broken heart, celibacy, life, love, men, relationships, thoughts, women

I don’t want to know


My mom always told me when I was little and sensitive to the others’ comments about me not to care about what they say. “The most important thing you should consider is what you think, not what others think about you” she said. As one of my friends is struggling right now to make her family accept the man of her life, I just remember about what my mom said. My friend has found happiness with a guy who’s not from the same religion as her and also much older than her (but not as old as her dad). I’m happy for her, yet I know that most of her entourage isn’t exactly thrilled by this. She’s on the verge  of  cutting all contacts with them because she’s tired of their opposition to this union, and I don’t know if that’s a good solution.

Of course, you shouldn’t care much about what people say about you, but when it’s your friends and family against it, is it worth ignoring  what they say just because you love someone who’s not suitable for them?  Remember that love can make us blind, and that we can easily fall for the wrong guy. Maybe our entourage can see the obvious we can’t see. Maybe they could be totally wrong about the guy.

When should you listen to your entourage and when should you not?  Well, first, it depends on which exclusion criteria your entourage based his decision on your lover. Sometimes, you’ll be surprised to know the real motivation behind their opposition. “My best friend hated my ex and always told me he wasn’t right for me because we were completely opposite. But I didn’t agree with her at all, and didn’t understand why she said that, because I got along really well with my ex. When we broke up because we reached the end of our story, my ex told me she did try to make a move with him. She was jealous of me”F., 35, said. “My mom didn’t like my ex who was twenty years older than me because of that. She told me she found our couple just ridiculous and that I should date guys of my age. But I don’t like guys of my age, I just think they’re immature in general and we get along like cats and dogs. My mom is divorced and I haven’t known her any man in her life since she split with my dad. My ex had once to travel with her to join me abroad, and he told me that during the trip, she was a true sweetheart with him and tried to seduce him”G., 36, said.

Sometimes, their opposition can be just ridiculous. “My family didn’t like my ex because he was a fan of a rival football club” D., 31, said. “My friends think my man sucks because he works for a controversial politician” T., 30, said.

But sometimes, their opposition can be trusted. It’s legitimate for your family to worry if you’re dating an ex-convict (for murdering/rape/violence, not for just stealing or little stupid crimes), a junkie, a married man or a fanatic (if you’re not a fanatic yourself).  They can also be right about your lover because he’s a total loser who’s cheating on you and you’re the last to know about it.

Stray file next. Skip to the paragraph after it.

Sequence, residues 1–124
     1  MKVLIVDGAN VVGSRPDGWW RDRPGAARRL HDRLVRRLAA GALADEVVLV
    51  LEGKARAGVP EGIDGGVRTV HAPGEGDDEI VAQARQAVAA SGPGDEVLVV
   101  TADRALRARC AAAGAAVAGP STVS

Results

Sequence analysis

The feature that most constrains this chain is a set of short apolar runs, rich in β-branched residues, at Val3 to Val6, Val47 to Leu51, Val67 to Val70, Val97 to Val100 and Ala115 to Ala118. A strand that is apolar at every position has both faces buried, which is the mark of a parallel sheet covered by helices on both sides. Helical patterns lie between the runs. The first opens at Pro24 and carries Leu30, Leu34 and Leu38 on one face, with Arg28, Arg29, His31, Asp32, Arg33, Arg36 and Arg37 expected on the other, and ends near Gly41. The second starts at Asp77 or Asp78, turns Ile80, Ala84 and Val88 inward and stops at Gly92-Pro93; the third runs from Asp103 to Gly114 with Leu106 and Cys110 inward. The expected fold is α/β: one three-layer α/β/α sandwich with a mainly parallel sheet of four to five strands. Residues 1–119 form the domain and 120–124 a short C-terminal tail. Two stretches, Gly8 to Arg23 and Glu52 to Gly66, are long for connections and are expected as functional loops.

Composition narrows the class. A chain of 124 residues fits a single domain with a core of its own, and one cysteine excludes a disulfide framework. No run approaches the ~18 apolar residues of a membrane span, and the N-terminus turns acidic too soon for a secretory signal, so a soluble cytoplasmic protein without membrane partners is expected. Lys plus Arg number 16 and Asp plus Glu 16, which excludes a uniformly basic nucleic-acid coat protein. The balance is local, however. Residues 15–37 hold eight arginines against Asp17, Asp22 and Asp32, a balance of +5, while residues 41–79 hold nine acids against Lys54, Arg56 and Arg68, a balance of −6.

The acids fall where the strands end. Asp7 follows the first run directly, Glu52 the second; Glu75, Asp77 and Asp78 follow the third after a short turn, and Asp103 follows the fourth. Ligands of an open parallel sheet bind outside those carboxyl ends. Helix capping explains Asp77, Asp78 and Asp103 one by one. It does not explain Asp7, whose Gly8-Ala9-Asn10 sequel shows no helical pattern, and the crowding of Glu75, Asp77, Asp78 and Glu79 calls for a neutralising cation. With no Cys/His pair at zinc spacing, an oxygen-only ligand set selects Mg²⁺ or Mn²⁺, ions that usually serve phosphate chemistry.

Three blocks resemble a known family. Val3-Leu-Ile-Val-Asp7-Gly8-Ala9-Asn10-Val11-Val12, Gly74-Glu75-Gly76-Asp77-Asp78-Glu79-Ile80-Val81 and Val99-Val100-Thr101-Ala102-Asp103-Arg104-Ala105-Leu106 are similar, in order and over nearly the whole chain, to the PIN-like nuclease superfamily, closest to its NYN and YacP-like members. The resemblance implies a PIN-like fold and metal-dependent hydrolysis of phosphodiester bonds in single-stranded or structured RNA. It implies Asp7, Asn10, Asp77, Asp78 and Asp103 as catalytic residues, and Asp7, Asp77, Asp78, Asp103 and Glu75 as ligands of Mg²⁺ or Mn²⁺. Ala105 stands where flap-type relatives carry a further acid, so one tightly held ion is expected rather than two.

So, have you ever listened to your family/friend’s advices regarding your lover? And have you ever bypassed their advice?

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7 thoughts on “I don’t want to know

  1. I am often advised not to pamper my lover since they tend to take it for granted after a while. I’m still trying not to pamper mine.

  2. dontdatethatdude says:

    In the past I have not listened, but in the future I will. I must admit that I will have my friends meet each guy if I think something is becoming serious and I will ask their opinion, but in the past this hasn’t worked because they liked those losers too, ugh! 😉

  3. WishBone, is it really bad to pamper your man?

    DDTD, if your friends aren’t good advices, then you shouldn’t listen to them 😀

  4. Maddy says:

    I didn’t listen and I proceeded to get so wrapped up in the relationship that I lost contact with most of my friends and grew a little distant from my family; I was so much into what we were that I forgot everything I was before he came along.

    So moral of the story: I think it’s more about listening to yourself and your own intuition than listening to others. Obviously you need to take your friends and families thoughts and feelings into consideration, but the most important thing is maintaining your own identity, so if it doesn’t work out you still have yourself and the love of others.

    mmyeah. that’s just my opinion though 🙂

  5. Hi Maddy,

    You’re right about following your intuition, but you shouldn’t lose yourself in a relationship to a point where you cut contacts with your family and friends. There’s a balance to find in all this.

    Thanks for your opinion.

  6. Well, it’s hard not to care what people say. If we completely didn’t care, why leave a comment field at our blog? Then again, that’s why the “moderate” button is there… (grin).

    Scott

  7. Hi, AspireNow

    Indeed, it’s hard not to care about what people say. But it depends on the person. And you’re right about the comment thing 🙂

    Thanks for stopping by.

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